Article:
The MAA responded with a plan for major reform of the scheme. The plan is set out in the document, "Reforms to the NSW Compulsory Third Party Green Slip Insurance Scheme", dated February 2013.
The document sets out the principles for reform of the scheme. It does not provide detail on how the reforms will be implemented nor does it provide a timetable for implementation.
1. The Current Scheme.
The current scheme is primarily fault based, making it complex and adversarial. The scheme is characterised by disputes over liability, extent of fault, severity of injury and the amount of compensation. The disputes result in high legal, medical and administrative costs, court action and delayed compensation.
Premiums are high, particularly relative to other states and affordability is decreasing.
Scheme inefficiencies, increasing claims frequency and uncertainty, the delay in settling claims and poor investment returns makes setting premiums difficult. Allowances for risk and future uncertainty often result in higher profits for insurers than is anticipated when premiums are set and submitted to the MAA. Flexibility to differentiate different risk groups on the basis of price is limited.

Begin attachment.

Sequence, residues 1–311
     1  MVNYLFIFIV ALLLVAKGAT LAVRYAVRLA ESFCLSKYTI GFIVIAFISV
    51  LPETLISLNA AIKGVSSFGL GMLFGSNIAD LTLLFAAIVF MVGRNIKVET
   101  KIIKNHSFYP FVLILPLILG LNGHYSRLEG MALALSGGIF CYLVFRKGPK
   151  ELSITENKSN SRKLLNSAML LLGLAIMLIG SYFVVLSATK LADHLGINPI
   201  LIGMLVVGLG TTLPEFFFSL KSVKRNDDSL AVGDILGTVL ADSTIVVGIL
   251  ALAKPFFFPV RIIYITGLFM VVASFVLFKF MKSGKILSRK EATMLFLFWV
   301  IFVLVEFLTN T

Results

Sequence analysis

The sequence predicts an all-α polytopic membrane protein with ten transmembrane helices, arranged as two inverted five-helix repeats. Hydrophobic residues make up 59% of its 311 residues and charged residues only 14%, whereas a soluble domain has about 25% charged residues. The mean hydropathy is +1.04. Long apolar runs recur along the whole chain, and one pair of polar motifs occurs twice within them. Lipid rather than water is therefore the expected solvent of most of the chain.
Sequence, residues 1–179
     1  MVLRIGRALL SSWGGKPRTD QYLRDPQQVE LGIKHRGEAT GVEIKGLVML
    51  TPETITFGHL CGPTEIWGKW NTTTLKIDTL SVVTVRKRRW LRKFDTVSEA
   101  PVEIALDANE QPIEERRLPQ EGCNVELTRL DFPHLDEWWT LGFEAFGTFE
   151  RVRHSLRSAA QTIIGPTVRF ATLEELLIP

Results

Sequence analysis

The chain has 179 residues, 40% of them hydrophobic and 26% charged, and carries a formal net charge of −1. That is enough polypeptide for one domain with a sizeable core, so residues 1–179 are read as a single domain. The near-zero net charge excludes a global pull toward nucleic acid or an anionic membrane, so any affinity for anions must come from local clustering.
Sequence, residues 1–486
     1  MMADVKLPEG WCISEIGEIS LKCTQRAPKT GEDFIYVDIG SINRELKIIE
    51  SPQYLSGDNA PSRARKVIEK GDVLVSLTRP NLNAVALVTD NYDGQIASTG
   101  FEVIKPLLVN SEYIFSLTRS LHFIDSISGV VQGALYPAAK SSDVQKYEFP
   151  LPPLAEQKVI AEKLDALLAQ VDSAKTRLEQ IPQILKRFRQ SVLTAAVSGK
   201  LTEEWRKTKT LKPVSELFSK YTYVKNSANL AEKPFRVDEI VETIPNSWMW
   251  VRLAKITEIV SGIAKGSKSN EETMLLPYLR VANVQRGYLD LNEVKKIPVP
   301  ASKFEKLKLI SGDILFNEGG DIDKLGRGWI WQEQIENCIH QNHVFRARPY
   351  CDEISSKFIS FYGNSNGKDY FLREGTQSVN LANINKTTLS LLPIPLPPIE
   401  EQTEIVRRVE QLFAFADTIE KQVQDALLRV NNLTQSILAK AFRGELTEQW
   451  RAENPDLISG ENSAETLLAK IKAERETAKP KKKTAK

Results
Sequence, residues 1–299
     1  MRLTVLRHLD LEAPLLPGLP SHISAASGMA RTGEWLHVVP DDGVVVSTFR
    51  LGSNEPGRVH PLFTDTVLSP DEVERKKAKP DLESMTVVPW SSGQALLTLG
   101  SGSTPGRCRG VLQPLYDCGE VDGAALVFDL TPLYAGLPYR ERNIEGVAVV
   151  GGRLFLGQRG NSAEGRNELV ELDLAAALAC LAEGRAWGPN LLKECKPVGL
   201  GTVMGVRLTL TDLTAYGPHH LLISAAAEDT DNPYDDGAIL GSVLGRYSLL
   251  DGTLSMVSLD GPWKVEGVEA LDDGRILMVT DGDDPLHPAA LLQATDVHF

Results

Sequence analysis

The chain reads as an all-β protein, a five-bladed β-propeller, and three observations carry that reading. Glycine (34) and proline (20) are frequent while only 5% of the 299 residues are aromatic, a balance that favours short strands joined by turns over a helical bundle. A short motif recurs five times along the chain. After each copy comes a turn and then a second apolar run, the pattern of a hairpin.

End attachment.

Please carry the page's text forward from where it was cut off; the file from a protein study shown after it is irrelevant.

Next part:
Without reform, it is likely that premiums will continue to increase. Pressure on premiums was the driver for the review and is a major focus for the reforms.
2. The Reformed Scheme.
The proposed reforms will change the fundamental nature of the scheme.
The new scheme will not be fault based. Injured parties will be entitled to defined benefits, regardless of fault. Common law will still be available to injured parties with greater than 10% whole person impairment and for those with catastrophic injuries the Lifetime Care & Support Scheme will not be affected.